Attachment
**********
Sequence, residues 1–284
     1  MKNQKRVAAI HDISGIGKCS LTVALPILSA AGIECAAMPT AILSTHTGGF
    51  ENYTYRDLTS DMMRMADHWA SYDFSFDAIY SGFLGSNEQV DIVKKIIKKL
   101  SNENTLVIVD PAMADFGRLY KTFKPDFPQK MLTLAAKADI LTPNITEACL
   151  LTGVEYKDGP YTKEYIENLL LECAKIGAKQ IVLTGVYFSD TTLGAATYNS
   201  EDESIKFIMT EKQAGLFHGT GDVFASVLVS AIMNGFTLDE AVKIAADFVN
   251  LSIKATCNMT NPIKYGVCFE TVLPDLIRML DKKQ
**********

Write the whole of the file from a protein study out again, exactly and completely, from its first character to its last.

Sequence, residues 1–284
     1  MKNQKRVAAI HDISGIGKCS LTVALPILSA AGIECAAMPT AILSTHTGGF
    51  ENYTYRDLTS DMMRMADHWA SYDFSFDAIY SGFLGSNEQV DIVKKIIKKL
   101  SNENTLVIVD PAMADFGRLY KTFKPDFPQK MLTLAAKADI LTPNITEACL
   151  LTGVEYKDGP YTKEYIENLL LECAKIGAKQ IVLTGVYFSD TTLGAATYNS
   201  EDESIKFIMT EKQAGLFHGT GDVFASVLVS AIMNGFTLDE AVKIAADFVN
   251  LSIKATCNMT NPIKYGVCFE TVLPDLIRML DKKQ